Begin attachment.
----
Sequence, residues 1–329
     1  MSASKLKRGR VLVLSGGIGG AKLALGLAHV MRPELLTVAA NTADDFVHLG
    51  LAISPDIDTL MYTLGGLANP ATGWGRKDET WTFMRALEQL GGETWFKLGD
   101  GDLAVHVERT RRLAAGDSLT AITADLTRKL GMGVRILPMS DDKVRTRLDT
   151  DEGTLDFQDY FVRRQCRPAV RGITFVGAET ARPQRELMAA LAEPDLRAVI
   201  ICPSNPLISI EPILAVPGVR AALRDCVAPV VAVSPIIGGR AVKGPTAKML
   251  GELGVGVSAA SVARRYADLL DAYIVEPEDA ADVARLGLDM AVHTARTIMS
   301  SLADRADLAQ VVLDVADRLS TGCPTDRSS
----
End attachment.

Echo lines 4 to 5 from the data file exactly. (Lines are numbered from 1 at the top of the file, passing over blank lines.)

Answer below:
   101  GDLAVHVERT RRLAAGDSLT AITADLTRKL GMGVRILPMS DDKVRTRLDT
   151  DEGTLDFQDY FVRRQCRPAV RGITFVGAET ARPQRELMAA LAEPDLRAVI